Protecting Your Digital Content Rights

by · April 11, 2010

As the amount of digital content being created continues to grow – blog posts, movies, graphic arts, poetry, music and more – protecting the rights of the content creator is an increasingly important topic. Do you mind if people take the song you created and mix it? Does it matter if someone takes your blog post and puts it on their website? Some people believe anything online is free and fair game to use as they please. But for most people that are creating original digital works, they want some sort of protection or rights.

Here in Qatar there doesn’t really seem to be any laws or regulations that protect a digital content creator’s rights. There are certainly some copyright laws, but do they apply online? The answer is vague at best. Let me propose a possible solution – Qatar can support and adopt the Creative Commons licenses.

Creative Commons is a non-profit organization that is committed to increasing the amount of creativity in the “commons” or the public realm. They provide free, easy and standardized tools (licenses) for everyone – whether individual creators or large companies – to grant copyright permissions to the creative work. These licenses were created because of the internet and the emergence of “free” content and provide a legal framework for content creators to either reserve all rights, some rights or, if they choose, no rights. Already a lot of big-name organizations are using the licenses, including Al Jazeera, Google, Flickr and the White House.

Essentially a content creator determines how people can use their work and how it should be attributed to them. The creator can allow their work to be shared with attribution in an unaltered format, shared and altered with attribution (such as mixing of music), freely shared with attribution for non-commercial purposes, or even just freely used in anyway someone wants without attribution.

So here’s how the licensing works. You, as a content creator, visit the Creative Commons website and go to the “License” section. You then answer questions using a free tool about your content and how you would like others to be able to use it. Once you complete this short review, the tool lets you know the appropriate license for your work and gives you easy instructions on how to link the license to your material. Simple! And the great thing is this license has legal standing in more than 50 countries around the world, with an additional nine working on “porting” the licenses to be aligned with their copyright legislations. No, Qatar is not one of these countries, but numerous Arab countries are in the process of supporting Creative Commons (Egypt, Jordan, Tunisia and Syria), so why shouldn’t Qatar join in?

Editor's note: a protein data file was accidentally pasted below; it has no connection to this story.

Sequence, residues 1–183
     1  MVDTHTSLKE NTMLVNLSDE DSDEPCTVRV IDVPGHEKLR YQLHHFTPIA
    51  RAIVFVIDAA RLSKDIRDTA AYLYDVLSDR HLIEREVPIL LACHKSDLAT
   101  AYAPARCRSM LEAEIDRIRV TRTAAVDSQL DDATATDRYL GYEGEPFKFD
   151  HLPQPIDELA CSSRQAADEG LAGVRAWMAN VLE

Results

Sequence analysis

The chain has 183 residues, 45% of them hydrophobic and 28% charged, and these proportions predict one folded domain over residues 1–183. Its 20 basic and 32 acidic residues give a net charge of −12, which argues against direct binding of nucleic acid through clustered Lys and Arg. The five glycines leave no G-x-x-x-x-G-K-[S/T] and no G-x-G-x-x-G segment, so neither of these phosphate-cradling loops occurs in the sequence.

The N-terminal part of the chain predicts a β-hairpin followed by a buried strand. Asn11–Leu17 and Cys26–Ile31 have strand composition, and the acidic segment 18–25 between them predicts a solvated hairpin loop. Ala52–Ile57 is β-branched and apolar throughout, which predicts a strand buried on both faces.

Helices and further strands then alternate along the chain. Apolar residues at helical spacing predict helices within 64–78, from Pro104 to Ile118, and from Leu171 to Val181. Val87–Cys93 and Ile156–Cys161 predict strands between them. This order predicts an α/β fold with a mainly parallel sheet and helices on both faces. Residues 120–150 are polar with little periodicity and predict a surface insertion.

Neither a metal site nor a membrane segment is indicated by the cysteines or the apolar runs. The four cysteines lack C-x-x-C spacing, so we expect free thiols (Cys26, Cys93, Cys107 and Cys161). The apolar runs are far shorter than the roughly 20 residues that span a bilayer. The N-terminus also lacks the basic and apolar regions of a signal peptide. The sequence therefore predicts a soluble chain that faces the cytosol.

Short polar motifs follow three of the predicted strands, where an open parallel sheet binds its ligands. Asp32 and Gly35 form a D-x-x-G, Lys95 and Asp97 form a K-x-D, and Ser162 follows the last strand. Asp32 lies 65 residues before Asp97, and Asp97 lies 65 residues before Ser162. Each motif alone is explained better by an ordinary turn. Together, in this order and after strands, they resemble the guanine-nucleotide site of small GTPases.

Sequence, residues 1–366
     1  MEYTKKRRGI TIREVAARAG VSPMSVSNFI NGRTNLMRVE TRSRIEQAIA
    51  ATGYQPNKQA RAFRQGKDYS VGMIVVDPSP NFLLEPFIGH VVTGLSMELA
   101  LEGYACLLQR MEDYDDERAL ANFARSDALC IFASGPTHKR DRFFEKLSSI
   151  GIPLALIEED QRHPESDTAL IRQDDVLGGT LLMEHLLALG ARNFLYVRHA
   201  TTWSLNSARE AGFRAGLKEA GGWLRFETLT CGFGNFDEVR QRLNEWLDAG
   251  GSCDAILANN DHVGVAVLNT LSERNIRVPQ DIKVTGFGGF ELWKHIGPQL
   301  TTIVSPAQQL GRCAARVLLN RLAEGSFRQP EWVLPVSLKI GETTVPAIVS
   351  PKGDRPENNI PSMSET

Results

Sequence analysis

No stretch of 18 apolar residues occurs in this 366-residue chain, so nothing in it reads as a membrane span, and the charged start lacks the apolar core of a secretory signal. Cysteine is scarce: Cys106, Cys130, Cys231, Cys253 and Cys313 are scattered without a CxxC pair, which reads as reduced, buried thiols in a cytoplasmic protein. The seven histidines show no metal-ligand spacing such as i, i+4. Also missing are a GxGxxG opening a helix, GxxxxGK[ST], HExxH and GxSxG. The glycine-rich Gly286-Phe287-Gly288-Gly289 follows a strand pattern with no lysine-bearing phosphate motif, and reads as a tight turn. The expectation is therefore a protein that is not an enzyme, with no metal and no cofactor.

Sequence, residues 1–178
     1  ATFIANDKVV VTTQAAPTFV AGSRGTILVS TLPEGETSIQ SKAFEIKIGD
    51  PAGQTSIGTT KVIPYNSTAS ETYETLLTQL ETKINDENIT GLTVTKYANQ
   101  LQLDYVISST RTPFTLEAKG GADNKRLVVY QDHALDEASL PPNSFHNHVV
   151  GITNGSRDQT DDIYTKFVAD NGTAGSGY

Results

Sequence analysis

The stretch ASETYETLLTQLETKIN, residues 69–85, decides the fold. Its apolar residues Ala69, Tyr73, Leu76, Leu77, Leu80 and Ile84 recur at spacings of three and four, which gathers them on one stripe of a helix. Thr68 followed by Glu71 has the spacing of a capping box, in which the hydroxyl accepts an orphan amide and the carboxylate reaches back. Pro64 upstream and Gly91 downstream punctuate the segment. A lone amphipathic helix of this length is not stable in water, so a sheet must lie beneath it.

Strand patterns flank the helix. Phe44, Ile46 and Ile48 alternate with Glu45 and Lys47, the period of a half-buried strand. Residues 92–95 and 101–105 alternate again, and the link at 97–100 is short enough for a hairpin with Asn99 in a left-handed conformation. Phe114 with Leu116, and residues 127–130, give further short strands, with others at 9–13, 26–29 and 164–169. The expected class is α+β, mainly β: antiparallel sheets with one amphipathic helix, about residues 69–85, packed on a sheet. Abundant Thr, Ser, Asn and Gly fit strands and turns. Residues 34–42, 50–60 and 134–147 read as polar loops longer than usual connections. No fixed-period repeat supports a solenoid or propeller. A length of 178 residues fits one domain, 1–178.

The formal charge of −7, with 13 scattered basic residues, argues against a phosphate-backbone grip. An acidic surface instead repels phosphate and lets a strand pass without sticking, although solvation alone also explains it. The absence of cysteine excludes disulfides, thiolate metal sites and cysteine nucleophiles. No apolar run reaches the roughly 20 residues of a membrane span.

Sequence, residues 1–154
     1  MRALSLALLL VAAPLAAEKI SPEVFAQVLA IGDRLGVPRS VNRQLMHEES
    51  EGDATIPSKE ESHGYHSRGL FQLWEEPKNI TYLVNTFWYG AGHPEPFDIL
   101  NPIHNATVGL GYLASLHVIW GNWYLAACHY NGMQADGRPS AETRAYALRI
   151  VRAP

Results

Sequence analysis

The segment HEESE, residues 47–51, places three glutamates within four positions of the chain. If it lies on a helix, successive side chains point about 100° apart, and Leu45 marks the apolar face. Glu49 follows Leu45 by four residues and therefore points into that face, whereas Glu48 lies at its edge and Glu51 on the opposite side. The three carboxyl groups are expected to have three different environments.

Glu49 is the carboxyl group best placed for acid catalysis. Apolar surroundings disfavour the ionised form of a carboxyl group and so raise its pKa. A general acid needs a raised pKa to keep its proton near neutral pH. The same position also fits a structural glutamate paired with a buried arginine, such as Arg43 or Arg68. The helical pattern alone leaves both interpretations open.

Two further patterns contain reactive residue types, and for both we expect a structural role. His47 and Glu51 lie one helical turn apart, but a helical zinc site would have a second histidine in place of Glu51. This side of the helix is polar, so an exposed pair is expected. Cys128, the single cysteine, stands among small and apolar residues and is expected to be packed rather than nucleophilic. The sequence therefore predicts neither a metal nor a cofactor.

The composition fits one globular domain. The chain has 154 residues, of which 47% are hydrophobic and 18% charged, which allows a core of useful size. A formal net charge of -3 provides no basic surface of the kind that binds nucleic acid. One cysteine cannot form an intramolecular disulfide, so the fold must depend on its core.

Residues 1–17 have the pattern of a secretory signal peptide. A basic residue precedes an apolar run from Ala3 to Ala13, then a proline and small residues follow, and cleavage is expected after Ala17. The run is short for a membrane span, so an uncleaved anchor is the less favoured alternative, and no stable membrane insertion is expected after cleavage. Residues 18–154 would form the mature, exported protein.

And while you can still use the Creative Commons licenses now to provide a certain level or protection to your digital content, if Qatar adopts the Creative Commons licensing standards, you would have a much higher sense of security here when sharing your creative works. No, Creative Commons will not completely stop unauthorized use of content, but it certainly helps and has rapidly-growing international recognition.

Hmmm… I wonder if there might be a government body that could get Qatar onboard?

Post By Brian Wesolowski (137 Posts)

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Discussion6 Comments

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  2. Michael R. Nelson says:

    This would definitely be a positive step for Qatar to take. The Creative Commons license provides authors with much greater flexibility and explains in very clear language what can and cannot be done with a particular piece of content.

  3. postmodernman says:

    Creative Commons licenses are used all over the world. Your article assumes however that it would take a government decision to use it. These licenses are voluntary, it would defeat the purpose if the Qatar government mandated their use. I’d be interested to find out if any country has legislation relating to Creative Commons licenses – I’d guess big business and their money would have something to say about it’s adoption.

    The whole point is to create flexibility according to the needs of the writer and the consumer. It doesn’t take government to mandate that, it takes voluntary cooperation. Even mandated laws depend upon cooperation for their enforcement.

    I’d suggest the government only needs to be involved when there is the possibility of infringement of patent laws or other commercial losses.

    In many ways, Creative Commons licenses are only useful for education and the arts. Science and business need more protection, thus there are patent laws to serve those needs.

    If creators are happy giving away their content and having their creative energy recognized via a Creative Commons license, go to it!

  4. ZESHAN USMAN S. says:

    Requesting for IT job.
    Master Degree in Computer Applications (MCA)+Oracle
    3 years experience.

  5. Syed Quadri says:

    Digital content rights is such a great asset. One should be mention that Digital Rights reserved. So that it can be safe and unstolen

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